"The reliability of Linux is already legendary, and that
reputation is arguably based on the strength of its small,
efficient kernel. It has traditionally been limited, however, by
its failure to scale onto symmetric multiprocessor (SMP) systems.
Although multithreading was added in January, 1999 to the Linux
kernel in 2.2, it's been an open secret that this older kernel
didn't scale very well beyond two CPUs on a single system. "The
scalability fell off after two processors," says Darren Davis, VP
of technology strategy at Caldera. The new kernel promises
performance for four CPUs and beyond."
"For overcoming obstacles to scalability, the makers of Linux
(including its inventor, Linus Torvalds) rewrote the kernel code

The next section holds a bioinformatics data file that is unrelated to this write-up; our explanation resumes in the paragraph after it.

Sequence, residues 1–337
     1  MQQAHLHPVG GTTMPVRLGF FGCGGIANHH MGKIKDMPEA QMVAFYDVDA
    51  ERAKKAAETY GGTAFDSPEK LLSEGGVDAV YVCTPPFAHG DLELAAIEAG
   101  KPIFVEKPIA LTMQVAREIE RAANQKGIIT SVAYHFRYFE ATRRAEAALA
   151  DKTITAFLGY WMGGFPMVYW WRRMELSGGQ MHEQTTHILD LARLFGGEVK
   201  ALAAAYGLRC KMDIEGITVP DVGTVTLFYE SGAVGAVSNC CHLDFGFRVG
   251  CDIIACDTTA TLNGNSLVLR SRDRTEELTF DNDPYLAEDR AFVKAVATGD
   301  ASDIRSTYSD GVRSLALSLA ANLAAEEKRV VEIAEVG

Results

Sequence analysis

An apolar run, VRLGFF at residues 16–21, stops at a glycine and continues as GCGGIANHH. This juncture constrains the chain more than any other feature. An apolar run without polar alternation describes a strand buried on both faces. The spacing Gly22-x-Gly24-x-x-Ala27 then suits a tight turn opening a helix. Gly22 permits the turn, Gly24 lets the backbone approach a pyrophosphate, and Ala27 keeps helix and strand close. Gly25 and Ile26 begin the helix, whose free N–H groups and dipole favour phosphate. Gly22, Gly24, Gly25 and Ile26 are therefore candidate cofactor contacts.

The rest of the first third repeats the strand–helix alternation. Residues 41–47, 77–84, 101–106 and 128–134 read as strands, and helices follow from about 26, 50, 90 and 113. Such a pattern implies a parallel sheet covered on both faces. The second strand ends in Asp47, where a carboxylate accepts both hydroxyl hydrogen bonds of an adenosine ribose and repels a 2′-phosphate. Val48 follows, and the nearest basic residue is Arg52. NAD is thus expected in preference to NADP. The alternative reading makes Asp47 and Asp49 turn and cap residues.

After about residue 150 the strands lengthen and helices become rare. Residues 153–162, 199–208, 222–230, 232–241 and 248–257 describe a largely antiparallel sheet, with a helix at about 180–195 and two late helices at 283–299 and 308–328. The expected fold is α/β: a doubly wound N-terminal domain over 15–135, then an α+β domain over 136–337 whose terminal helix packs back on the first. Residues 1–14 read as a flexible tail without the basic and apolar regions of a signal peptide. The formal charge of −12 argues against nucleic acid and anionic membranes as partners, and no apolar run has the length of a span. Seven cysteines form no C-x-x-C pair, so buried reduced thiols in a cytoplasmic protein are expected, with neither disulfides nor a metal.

that worked with such system resources as spin locks, which
coordinate access to system resources across multiple CPUs. If
implemented inefficiently, spin locks can slow down a
multiprocessor system. Kernel subsystems like the networking stack
and file i/o are now fully multithreaded...."
"Other enterprise-level improvements include a fully journaled
file system (available in 2.4.1 of this release with the Riser
[sic] file system), which eliminates the need for time-consuming
file system consistency verification on reboots. (This feature
contributes to increased server availability.)"
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